Tuesday, April 21, 2015

Cheating Yourself: Then why do I feel bad?

Last Friday, four kids in my class cheated.  ALL ON THE SAME DAY.  

My seniors in my Speech Communications class have been wrestling with the dreaded commencement speech for the Class of 2015’s graduation. We spend a few weeks on this assignment each year, breaking it down into manageable chunks that (I thought) allow the kids oodles of time to process and be creative.

We meditate on the last four years, we brainstorm on both collective and personal memories, and we talk about what high school means to us. We discuss extended metaphors that are both cheesy and powerful and the symbolism behind our mascots, a bird and a tree, that can quickly become cliche. Then we even go into the computer lab and specifically look up canned graduation speeches and discuss how we can be inspired by others yet NOT STEAL THEM. Well, they stole them.  In fact, two students in one class STOLE THE SAME ONE and then were scheduled to perform them BACK TO BACK. How is that for karma?

Is it the kids’ fault, though?  Being born in 1969, I am far from being a “digital native.”  We throw this term around often for our teens, but it is true.  They were born with technology in their hands...why wouldn’t you just look something up and take it?  

This obvious bout of plagiarism shook me up:  what am I doing wrong?  I have been teaching for 13 years, but as all educators know the job redefines itself every day, every month, every year. Your students lead your way to both victories and failures on a daily basis, but what steps can I take to lead my students to creative thinking and execution of their own thoughts?  I am their advocate and their guide...I need to do a better job.

First, I really feel that more on demand writing needs to happen in class, not at home.  In class writing allows me to control the environment:  soft instrumental music that I choose, cell phones parked, and a timer.  Toggling between timed silence and conferencing with students allows the kids a safe place to struggle and, hopefully, chip away at the writers’ block that many insist they have.  “Writers’ block” for the 21st century kid actually comes down to navigating through a world of distraction.  Vine clips, Netflix binge watching, and Snapchat are far more seductive than a blinking cursor taunting you on a blank Google Doc.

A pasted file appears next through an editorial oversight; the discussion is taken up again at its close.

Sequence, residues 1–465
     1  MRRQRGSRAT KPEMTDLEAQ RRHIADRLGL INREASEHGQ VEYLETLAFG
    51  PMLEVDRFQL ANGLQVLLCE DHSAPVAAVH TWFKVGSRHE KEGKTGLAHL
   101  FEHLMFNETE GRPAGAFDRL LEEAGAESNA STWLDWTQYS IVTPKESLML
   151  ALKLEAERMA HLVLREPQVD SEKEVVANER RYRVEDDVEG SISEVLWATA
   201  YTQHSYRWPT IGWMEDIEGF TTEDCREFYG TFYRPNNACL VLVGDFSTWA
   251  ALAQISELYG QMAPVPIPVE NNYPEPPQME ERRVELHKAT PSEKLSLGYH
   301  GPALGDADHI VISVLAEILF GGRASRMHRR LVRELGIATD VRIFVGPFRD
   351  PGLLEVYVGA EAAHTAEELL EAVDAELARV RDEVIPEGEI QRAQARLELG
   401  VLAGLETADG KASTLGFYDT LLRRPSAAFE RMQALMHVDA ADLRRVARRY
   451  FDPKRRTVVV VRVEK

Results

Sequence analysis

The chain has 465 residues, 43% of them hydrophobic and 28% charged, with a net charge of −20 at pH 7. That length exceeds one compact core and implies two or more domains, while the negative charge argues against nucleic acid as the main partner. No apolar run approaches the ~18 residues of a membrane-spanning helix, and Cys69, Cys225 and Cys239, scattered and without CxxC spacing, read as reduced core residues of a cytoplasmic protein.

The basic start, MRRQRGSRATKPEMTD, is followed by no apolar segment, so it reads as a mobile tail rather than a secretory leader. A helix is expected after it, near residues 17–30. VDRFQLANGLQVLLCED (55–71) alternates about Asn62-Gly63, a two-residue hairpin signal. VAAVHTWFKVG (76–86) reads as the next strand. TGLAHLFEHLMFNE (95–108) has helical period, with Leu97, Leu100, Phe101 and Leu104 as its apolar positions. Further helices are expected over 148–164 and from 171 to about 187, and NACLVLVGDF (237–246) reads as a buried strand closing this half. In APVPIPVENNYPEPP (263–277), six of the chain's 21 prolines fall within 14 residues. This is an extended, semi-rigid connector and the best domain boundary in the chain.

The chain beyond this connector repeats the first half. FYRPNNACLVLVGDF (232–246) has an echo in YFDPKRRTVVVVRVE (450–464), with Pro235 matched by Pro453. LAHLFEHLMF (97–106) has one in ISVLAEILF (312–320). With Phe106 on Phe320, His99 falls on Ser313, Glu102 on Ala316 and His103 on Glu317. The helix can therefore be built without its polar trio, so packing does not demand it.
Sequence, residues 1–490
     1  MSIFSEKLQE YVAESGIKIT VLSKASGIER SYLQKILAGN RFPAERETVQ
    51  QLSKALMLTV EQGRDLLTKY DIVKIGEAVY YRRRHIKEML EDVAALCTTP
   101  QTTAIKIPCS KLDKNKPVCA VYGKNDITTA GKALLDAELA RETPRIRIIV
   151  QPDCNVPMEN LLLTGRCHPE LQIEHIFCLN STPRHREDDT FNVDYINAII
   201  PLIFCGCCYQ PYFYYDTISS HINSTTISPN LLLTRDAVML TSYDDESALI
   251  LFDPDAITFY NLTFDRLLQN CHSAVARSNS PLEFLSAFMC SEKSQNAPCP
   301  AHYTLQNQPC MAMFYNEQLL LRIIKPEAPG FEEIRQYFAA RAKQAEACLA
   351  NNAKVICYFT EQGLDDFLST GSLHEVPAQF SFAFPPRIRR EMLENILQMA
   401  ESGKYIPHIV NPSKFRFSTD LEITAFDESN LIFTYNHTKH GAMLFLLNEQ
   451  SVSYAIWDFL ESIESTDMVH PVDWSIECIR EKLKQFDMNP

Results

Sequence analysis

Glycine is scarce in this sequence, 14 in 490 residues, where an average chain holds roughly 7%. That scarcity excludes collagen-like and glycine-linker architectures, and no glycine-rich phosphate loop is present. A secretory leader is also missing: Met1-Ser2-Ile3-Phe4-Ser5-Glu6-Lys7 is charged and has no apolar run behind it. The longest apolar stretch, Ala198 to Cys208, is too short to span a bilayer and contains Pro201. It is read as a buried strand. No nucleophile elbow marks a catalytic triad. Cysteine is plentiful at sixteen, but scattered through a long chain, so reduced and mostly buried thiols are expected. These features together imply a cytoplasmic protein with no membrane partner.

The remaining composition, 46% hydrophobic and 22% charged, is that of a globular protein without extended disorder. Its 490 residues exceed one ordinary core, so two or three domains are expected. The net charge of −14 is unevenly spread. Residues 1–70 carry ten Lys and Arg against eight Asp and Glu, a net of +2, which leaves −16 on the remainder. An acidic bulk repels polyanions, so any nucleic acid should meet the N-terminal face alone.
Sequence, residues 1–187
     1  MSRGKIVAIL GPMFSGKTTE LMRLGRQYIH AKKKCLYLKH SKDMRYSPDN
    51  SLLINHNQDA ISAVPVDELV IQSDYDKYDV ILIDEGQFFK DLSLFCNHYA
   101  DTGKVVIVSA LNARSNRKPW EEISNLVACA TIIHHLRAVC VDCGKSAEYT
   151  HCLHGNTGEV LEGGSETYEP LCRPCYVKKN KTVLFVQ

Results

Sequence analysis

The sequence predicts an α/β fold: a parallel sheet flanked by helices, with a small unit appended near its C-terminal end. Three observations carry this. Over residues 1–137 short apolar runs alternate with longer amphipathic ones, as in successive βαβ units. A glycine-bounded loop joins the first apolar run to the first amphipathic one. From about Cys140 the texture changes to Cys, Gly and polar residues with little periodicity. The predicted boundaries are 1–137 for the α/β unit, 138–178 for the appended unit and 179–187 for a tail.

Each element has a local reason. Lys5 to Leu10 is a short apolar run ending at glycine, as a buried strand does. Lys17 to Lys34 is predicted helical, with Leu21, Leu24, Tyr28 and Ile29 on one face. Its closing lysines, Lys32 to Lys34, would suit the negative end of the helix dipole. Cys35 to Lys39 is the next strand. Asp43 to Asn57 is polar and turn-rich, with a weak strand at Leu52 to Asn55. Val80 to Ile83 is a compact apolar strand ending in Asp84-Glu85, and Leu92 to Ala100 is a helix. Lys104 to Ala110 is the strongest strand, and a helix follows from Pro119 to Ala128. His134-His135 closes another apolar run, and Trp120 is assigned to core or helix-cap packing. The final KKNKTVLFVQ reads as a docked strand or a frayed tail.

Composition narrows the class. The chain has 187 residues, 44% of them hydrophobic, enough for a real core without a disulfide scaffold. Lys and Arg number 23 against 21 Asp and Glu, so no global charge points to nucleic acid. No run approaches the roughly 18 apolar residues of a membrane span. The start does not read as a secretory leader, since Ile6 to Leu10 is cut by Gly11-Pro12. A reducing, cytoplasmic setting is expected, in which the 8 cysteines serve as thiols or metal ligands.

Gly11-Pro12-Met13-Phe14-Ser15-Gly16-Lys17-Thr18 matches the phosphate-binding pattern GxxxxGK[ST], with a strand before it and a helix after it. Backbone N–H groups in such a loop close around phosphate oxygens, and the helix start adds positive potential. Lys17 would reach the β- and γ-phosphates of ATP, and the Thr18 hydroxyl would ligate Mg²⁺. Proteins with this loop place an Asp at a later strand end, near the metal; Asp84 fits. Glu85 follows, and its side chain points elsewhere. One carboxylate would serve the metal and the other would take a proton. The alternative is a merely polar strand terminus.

Also, writing is one of the most complex cognitive tasks...why do you think most students dread it? You are creating something that has never existed before and that is hard.  Please, can we just have a fill-in-the-blank worksheet?  Conversely, it can also be one of the most fulfilling activities a student undertakes. There is a certain pride one feels when they complete a page of their own prose:  you don’t get this from a word search.

So, I thank my rascally kids who cut and pasted off of the internet. This was a needed spring wake up call to force me into deep reflection.  The only way to strengthen my pedagogical techniques in class is to listen to my clients and respond accordingly.  This is not always pretty but just like a bathroom remodel, it’s got to get messy before it becomes beautiful.

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